I'm studying this situation and it looks pretty non trivial to understand what impact the purchase of Tribac by JTI will have on AOI (and UVV). You have to simultaneously consider:
1) Will other tobacco manufacturers actually buy *more* product from AOI as a competitive response, on the assumption that Tribac will now give them second-choice products on a non-neutral basis.
2) What part of its current purchases will JTI continue to make through AOI? Can the Tribac purchase by itself together with the new joint venture actually meet all of JTI's needs? Does someone have a guess here? AOI will lose 1/2 of its 24% of sales that came from JTI? Lose 3/4?
I'm wondering if this acquisition wasn't partly JTI's attempt to simply improve its negotiating position on price against AOI and UVV? Now JTI has a good bluff hand to play in every negotiation, claiming that they can supply the tobacco themselves at better prices if they don't get a concession they want. Probably that would work too.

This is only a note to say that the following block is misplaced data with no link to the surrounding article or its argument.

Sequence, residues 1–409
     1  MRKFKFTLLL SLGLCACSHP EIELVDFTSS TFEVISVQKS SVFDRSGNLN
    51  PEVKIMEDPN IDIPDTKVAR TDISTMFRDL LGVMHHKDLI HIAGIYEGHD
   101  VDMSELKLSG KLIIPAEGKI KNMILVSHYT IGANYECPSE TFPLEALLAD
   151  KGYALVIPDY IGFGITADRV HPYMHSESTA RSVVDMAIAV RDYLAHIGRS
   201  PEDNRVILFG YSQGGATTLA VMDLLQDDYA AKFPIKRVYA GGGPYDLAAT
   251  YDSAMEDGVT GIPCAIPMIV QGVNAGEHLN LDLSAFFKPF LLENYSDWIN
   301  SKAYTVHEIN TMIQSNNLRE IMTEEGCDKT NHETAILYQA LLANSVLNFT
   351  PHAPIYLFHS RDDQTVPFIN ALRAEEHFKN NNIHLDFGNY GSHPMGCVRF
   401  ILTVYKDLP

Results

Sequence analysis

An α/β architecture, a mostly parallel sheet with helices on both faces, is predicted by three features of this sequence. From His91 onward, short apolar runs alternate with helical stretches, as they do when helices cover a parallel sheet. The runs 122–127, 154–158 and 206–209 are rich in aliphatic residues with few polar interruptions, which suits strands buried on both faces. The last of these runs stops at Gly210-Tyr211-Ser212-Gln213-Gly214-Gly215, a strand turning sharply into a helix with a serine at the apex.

Overall though I wonder if JTI is really addressing the problem they want to address. JTI's CEO is saying that the price of leaf keeps going up. But it isn't the leaf dealers who set the price? The price of leaf is probably more a supply and demand function against the actual farmer's crops? If JTI wants to secure a supply at a *known cost* the only way to do that is to start farming tobacco. If you own the land and control the crop itself, then and only then do you know what your costs are going to be, independent of supply and demand for other supply. Judging by AOI's gross margins, it's not AOI that is making tobacco leaf expensive.